Regular Christians (Part 7): Onesimus

Regular Christians

Onesimus was one who endured social and economic inequality as a slave. We learn about him in the letter Paul wrote to his master, Philemon.

I appeal to you for my child Onesimus, whom I have begotten in my imprisonment, who formerly was useless to you, but now is useful both to you and to me. I have sent him back to you in person, that is, sending my very heart, whom I wished to keep with me, so that on your behalf he might minister to me in my imprisonment for the gospel; but without your consent I did not want to do anything, so that your goodness would not be, in effect, by compulsion but of your own free will. For perhaps he was for this reason separated from you for a while, that you would have him back forever, no longer as a slave, but more than a slave, a beloved brother, especially to me, but how much more to you, both in the flesh and in the Lord” (Philemon 10-16).

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Solomon’s Plan to Build the Temple (6/11)

Thought from today’s Bible reading from 1 Kings 5-6; 2 Chronicles 2-3.

When Solomon was about to build the temple, he contacted Hiram (or Huram, depending on the translation), the king of Tyre to receive workers and materials from him that would be necessary for the project. In his message to Hiram, we see four attitudes that Solomon possessed that are important for us to emulate.

Behold, I am about to build a house for the name of the Lord my God, dedicating it to Him, to burn fragrant incense before Him and to set out the showbread continually, and to offer burnt offerings morning and evening, on sabbaths and on new moons and on the appointed feasts of the Lord our God, this being required forever in Israel” (2 Chronicles 2:4).

We first see that Solomon had a desire to worship God according to the pattern He had given to Israel. In building the temple, Solomon was not trying to do things his way, but God’s way.
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I Have Given Them a Possession (3/11)

Thought from today’s Bible reading from Deuteronomy 1-2.

The Israelites were God’s chosen people and would be given the promised land of Canaan. Yet this did not give them license to take anything they wanted and destroy any nation they chose to destroy. God gave some specific prohibitions on lands they were not to take and nations they were not to destroy.

You will pass through the territory of your brothers the sons of Esau who live in Seir; and they will be afraid of you. So be very careful; do not provoke them, for I will not give you any of their land, even as little as a footstep because I have given Mount Seir to Esau as a possession” (Deuteronomy 2:4-5).

Do not harass Moab, nor provoke them to war, for I will not give you any of their land as a possession, because I have given Ar to the sons of Lot as a possession” (Deuteronomy 2:9).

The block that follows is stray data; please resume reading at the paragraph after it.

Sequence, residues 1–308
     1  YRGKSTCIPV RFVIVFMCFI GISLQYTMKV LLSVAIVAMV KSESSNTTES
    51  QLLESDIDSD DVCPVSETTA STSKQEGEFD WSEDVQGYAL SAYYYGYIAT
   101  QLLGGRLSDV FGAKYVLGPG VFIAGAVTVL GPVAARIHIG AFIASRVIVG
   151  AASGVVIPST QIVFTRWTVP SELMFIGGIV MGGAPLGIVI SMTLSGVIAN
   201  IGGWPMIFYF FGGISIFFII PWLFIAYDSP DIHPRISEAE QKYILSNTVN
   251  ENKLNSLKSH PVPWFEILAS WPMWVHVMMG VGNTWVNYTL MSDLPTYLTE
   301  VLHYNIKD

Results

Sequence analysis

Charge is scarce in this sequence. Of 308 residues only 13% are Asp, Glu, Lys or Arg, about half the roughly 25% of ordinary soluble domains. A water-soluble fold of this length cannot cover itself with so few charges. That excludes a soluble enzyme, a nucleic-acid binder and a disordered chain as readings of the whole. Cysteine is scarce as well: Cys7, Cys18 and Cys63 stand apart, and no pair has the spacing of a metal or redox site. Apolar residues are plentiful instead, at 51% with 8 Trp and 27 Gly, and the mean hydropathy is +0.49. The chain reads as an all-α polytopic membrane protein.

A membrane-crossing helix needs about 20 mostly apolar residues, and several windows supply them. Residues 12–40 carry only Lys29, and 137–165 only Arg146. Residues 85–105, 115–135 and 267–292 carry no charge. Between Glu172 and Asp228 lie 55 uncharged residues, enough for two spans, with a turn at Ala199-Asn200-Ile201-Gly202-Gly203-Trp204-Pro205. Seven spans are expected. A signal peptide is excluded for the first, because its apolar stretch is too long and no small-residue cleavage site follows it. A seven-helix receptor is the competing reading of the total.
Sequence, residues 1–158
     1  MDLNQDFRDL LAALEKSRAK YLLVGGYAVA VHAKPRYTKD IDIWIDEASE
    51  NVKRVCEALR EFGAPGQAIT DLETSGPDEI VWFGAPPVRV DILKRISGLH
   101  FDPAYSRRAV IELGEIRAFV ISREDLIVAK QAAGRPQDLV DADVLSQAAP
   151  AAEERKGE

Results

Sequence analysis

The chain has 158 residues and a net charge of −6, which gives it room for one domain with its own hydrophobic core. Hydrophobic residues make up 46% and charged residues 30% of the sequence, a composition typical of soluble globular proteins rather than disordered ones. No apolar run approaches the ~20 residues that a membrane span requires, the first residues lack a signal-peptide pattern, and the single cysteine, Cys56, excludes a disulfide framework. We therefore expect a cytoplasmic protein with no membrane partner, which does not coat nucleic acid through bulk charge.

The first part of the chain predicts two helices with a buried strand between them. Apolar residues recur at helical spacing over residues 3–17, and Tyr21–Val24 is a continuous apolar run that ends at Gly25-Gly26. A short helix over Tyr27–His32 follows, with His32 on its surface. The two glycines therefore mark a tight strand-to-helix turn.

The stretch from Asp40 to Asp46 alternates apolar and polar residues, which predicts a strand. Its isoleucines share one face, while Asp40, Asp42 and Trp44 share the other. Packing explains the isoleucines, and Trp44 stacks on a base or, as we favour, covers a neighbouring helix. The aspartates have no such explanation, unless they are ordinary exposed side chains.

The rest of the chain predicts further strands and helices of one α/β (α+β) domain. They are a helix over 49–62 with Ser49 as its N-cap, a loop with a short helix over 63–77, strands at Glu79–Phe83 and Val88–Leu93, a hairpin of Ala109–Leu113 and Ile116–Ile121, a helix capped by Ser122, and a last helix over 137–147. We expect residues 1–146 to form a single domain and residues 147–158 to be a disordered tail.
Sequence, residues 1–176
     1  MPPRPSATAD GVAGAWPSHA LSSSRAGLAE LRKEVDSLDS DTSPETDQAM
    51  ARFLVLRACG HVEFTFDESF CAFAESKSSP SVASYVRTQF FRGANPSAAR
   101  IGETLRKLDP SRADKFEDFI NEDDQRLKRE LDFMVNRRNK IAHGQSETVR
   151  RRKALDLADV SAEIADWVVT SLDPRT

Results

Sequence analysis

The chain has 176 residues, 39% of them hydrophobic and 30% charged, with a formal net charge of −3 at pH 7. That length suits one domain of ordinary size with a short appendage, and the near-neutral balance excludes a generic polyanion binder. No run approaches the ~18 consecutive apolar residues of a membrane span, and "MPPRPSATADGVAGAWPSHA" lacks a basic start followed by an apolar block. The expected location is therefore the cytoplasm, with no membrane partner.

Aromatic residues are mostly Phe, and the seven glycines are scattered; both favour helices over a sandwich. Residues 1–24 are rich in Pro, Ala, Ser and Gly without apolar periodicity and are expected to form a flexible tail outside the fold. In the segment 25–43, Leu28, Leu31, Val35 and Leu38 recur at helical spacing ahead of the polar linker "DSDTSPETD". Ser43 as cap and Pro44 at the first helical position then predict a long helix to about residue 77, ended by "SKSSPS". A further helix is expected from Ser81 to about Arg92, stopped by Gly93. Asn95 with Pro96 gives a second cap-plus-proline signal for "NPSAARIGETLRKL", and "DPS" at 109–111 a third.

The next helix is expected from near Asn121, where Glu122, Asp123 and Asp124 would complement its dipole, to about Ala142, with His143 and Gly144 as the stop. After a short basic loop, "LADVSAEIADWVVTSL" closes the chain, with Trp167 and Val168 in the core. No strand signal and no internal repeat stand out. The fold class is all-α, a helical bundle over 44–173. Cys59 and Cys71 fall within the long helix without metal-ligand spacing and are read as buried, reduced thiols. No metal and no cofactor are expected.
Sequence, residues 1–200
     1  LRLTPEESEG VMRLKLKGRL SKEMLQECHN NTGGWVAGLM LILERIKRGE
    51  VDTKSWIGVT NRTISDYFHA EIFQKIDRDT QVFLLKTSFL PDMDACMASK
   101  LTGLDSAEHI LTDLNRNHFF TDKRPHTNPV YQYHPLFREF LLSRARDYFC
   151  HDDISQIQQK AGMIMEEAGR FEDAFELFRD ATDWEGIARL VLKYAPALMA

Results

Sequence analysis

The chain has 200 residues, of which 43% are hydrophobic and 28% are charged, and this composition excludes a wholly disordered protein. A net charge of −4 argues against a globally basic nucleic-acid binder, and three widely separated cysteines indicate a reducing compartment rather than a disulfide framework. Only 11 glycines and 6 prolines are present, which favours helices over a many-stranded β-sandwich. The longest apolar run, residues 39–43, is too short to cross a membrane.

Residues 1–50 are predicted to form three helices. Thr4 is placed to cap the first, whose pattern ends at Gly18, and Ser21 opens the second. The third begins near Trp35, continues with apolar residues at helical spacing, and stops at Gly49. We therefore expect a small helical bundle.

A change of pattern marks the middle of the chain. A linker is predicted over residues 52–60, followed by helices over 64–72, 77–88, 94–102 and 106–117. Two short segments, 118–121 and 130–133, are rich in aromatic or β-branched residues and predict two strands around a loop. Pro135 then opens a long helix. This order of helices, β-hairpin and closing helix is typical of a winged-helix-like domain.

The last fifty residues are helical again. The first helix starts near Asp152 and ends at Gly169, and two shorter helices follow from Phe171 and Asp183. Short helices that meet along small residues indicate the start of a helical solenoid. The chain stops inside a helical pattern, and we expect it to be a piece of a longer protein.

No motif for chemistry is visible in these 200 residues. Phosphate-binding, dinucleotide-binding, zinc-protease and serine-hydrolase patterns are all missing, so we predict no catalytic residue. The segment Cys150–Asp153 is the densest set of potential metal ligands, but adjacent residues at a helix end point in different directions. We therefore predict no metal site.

When you come opposite the sons of Ammon, do not harass them nor provoke them, for I will not give you any of the land of the sons of Ammon as a possession, because I have given it to the sons of Lot as a possession” (Deuteronomy 2:19).

The children of Israel were given a possession by God. But the sons of Esau and Lot were as well. The Israelites were not even to take food and water from these nations without paying for it (Deuteronomy 2:6).
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"To Each Man According to His Service" (2/26)

Thought from today’s Bible reading from Numbers 7.

When the tabernacle was finished, the leaders of Israel brought an offering consisting of six carts and twelve oxen (Numbers 7:1-3). The Lord then gave Moses instructions about what to do with them:

‘Accept these things from them, that they may be used in the service of the tent of meeting, and you shall give them to the Levites, to each man according to his service.’ So Moses took the carts and the oxen and gave them to the Levites. Two carts and four oxen he gave to the sons of Gershon, according to their service, and four carts and eight oxen he gave to the sons of Merari, according to their service… But he did not give any to the sons of Kohath because theirs was the service of the holy objects, which they carried on their shoulders” (Numbers 7:5-9).

Among the Levites there were three groups: the sons of Gershon, the sons of Merari, and the sons of Kohath. It may have seemed logical to divide the offerings between the three groups – two carts and four oxen each – but this was not the Lord’s will.
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The Wicked Prosper (1/9)

Thought from today’s Bible reading from Job 21-23.

Why do the wicked still live, continue on, also become very powerful? Their descendants are established with them in their sight, and their offspring before their eyes, their houses are safe from fear, and the rod of God is not on them. His ox mates without fail; his cow calves and does not abort. They send forth their little ones like the flock, and their children skip about. They sing to the timbrel and harp and rejoice at the sound of the flute. They spend their days in prosperity, and suddenly they go down to Sheol. They say to God, ‘Depart from us! We do not even desire the knowledge of Your ways. Who is the Almighty, that we should serve Him, and what would we gain if we entreat Him?’” (Job 21:7-15).

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